Canada: Certificates Of Supplementary Protection: Canada's New Sui Generis Patent Term Restoration Regime

We previously reported on Bill C-30 (the "Act to implement CETA") which made important changes to Canada's intellectual property landscape reflecting its commitments under the Comprehensive Economic and Trade Agreement between Canada and the European Union ("CETA"). That bill passed on May 16, 2017, and, on July 14, 2017, the Canadian Government published proposed amendments to regulations reflecting these changes (the "Proposed Regulations").

This article focuses on proposed amendments to the Patent Rules relating to Certificates of Supplemental Protection ("CSP"), a sui generis version of patent term restoration which will be available once the Act to implement CETA comes into force (which is provisionally set to occur on September 21, 2017 - see here). CSPs are intended to address lost patent protection due to delays related to fulfilling regulatory requirements and obtaining marketing approvals for a pharmaceutical product encompassed by that patent.

The Proposed Regulations are open to public consultation for 15 days following their publication. Comments must thus be submitted by Sunday, July 30th.

Key takeaways

  • CSPs are available in connection with a "first authorization for sale" of a product containing a "medicinal ingredient" or "combination of medicinal ingredients". This requirement cannot be circumvented by making certain prescribed changes to the medicinal ingredient (eg. enantiomer, solvate, etc) or combination (eg. the ratio of ingredients), which are treated as the same as that of the authorized product. However, this treatment also prevents circumvention of CSP protection which extends only to drugs containing the medicinal ingredient / combination set out in the CSP.
  • Innovators should review Canadian patent applications to ensure that they include appropriate claims to take advantage of CSP protection. Patents with claims directed to the medicinal ingredient / combination or its use are eligible for a CSP. Claims to the medicinal ingredient / combination made by a specific process are also acceptable. However, process claims or claims to formulations and dosages are not eligible.
  • Innovators should strive, where possible, to ensure that Canadian drug submissions are filed shortly after foreign filings and diligently pursued thereafter. The CSP regime emphasizes timeliness to ensure new drugs are introduced quickly into Canada. A first Canadian authorization for a product will thus be eligible only if filed within one year (or 18 months for CSP applications filed within the first year of the legislation coming into force) of equivalent filings in certain foreign jurisdictions, including the United States and the European Union. The Minister is also granted discretion to reduce the term of the CSP due to delays during the process of obtaining an authorization. No guidance is provided yet as to how this discretion will be exercised.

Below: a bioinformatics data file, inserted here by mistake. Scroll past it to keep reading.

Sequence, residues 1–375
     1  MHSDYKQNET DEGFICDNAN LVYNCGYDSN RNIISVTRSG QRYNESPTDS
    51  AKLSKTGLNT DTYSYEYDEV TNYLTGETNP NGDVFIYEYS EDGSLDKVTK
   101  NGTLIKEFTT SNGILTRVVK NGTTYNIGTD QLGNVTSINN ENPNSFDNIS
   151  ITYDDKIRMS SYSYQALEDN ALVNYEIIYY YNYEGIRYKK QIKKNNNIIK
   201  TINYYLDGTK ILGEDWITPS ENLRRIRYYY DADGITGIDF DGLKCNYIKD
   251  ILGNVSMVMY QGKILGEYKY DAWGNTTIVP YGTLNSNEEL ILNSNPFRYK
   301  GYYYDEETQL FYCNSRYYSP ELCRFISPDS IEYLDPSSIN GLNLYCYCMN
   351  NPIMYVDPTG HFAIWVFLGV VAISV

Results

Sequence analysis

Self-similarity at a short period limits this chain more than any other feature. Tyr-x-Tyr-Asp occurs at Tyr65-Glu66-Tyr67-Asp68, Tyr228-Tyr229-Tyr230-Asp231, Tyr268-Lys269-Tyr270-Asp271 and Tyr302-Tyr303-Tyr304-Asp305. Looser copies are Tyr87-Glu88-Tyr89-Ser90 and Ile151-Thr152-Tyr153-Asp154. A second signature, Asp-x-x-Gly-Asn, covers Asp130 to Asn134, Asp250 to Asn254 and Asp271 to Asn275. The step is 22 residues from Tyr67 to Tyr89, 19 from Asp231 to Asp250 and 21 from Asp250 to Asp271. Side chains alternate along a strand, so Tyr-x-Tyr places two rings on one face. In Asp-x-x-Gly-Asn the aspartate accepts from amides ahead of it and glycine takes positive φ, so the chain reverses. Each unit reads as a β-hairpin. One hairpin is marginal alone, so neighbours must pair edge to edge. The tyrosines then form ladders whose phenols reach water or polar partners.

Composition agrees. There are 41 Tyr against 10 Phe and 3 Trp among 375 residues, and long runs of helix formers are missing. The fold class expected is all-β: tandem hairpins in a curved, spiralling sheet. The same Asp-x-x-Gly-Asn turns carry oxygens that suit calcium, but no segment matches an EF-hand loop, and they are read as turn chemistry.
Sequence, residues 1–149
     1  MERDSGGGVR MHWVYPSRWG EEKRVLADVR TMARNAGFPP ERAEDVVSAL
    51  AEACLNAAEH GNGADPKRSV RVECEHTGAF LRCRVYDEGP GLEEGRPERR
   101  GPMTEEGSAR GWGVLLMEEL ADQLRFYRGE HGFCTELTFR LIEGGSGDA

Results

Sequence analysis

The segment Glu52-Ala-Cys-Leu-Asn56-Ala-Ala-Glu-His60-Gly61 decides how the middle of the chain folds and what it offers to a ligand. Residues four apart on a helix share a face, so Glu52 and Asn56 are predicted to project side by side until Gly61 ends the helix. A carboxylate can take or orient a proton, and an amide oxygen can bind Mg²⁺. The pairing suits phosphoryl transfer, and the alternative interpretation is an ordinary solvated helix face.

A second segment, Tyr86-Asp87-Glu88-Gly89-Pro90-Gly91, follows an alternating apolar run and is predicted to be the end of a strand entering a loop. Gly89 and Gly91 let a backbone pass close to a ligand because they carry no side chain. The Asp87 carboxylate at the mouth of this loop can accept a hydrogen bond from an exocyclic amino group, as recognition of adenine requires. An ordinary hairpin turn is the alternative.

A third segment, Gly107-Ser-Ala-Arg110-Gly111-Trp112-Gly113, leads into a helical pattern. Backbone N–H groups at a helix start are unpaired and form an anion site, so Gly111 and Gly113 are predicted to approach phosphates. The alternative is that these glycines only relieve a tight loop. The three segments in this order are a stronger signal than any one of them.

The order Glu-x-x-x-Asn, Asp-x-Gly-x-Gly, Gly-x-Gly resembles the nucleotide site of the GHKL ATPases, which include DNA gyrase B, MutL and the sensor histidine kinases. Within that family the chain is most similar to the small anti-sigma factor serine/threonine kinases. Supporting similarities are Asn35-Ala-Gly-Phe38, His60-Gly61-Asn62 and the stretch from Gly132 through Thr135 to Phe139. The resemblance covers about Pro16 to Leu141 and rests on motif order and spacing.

• CSPs will be available only for products for which a first authorization is issued after the legislation comes into force (anticipated to be in September 2017, per above).
  • Subject to priority rules for CSP applications, innovators are at liberty to select for which eligible patent it will seek a CSP. Factors to consider would include the anticipated term for each patent and the nature of the claims of the patent.

Eligibility for a CSP

CSPs will not be available for all patents. Briefly, CSPs are intended to extend protection for a single patent in connection with the first "authorization for sale" of a product containing a "medicinal ingredient" or a "combination of medicinal ingredients" to which that patent "pertains". We summarize below key aspects of the eligibility requirements for a CSP.

(a) Single CSP per "Medicinal Ingredient" or "Combination of Medicinal Ingredients"

CSPs pertain to a specific "medicinal ingredient" or "combination of medicinal ingredients." The Act to implement CETA provides that a CSP will only issue if no other CSP has been issued with respect to that medicinal ingredient / combination. This bar applies even where the other CSP is subsequently held to be invalid or void, or it never takes effect or ceases to have effect.

Further narrowing the availability of a CSP, "medicinal ingredients" which differ only with respect to "prescribed variations" as the "same medicinal ingredients" are treated as the same. The Proposed Regulations provide further guidance concerning the prescribed variations to "medicinal ingredients", defining them as follows:

  • a variation in any appendage within the molecular structure of a medicinal ingredient that causes it to be an ester, salt, complex, chelate, clathrate or any non-covalent derivative1;
  • a variation that is an enantiomer, or a mixture of enantiomers, of a medicinal ingredient;
  • a variation that is a solvate or polymorph of a medicinal ingredient;
  • an in vivo or in vitro post-translational modification of a medicinal ingredient; and
  • any combination of the variations set out above.

The RIAS also indicates the above-noted kinds of variations apply to medicinal ingredients within a combination. That is, a combination of medicinal ingredients which comprises ingredients which are treated as the same (ie. prescribed variations, per above) as the ingredients in another combination will be treated as the same combination.